Around midnight near Chicago on March 26, 2003, Steven Simon and Lawrence Grossman were woken up by a 2,000 pound meteor crashing nearby. Noe Garza was asleep when a piece of it burst through his ceiling, bounced across the room and broke a mirror. "I thought somebody was breaking in," he says. "It was a big bang. I can't really describe it." Another resident whose home was hit says he thought a plane had crashed.
Robert Roy Britt writes in space.com that Simon and Grossman, both scientists at the University of Chicago, decided to investigate the event. The meteor was seen in Illinois, Indiana, Michigan and Missouri. Simon and Grossman collected pieces of the rock, as well as eyewitness accounts, in order to determine its size and speed.
Simon says, "It hit the atmosphere at about 40,000 mph. At this great speed, air pressure builds up in front of the object and is much greater than the pressure behind it. This will pull apart many meteors, especially if they already had some cracks. This object probably went though four fragmentation events as it passed through the atmosphere."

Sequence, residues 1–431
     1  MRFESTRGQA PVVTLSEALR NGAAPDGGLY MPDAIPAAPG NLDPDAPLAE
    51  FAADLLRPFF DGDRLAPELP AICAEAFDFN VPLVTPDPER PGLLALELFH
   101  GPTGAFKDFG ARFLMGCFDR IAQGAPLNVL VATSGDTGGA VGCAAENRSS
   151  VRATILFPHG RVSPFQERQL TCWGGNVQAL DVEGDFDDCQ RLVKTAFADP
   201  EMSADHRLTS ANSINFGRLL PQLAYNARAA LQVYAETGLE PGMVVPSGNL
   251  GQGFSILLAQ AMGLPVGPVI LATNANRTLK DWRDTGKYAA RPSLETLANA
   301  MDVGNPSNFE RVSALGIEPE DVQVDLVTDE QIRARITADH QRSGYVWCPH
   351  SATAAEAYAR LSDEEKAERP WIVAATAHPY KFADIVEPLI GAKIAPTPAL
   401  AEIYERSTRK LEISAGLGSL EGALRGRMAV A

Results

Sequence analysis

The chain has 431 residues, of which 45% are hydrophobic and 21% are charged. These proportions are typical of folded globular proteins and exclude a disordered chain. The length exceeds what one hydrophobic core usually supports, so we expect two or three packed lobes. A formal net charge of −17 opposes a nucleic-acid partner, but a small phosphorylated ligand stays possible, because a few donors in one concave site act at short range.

They collected 65 pounds of fragments that they used to estimate the meteor's size and weight. They knew some of the fragments must have broken up into tiny particles that weren't found. They also determined the size by analyzing the fragments for cobalt. Simon says, "If the object is too small, the cosmic rays will just pass through and not make 60 cobalt." They eventually decided the meteor weighed at least 1,980 pounds when it entered the atmosphere.
Surprisingly, there is no record of anyone being killed by a meteor, although a dog was killed by one in Egypt in 1911. A meteor injured three people in India last September. Simon is amazed that no one was injured in Chicago. He says, "This is the most densely populated region to be hit by a meteorite shower in modern times."
When it comes to searching for mysteries, some people look up, but others look down and even search underwater.
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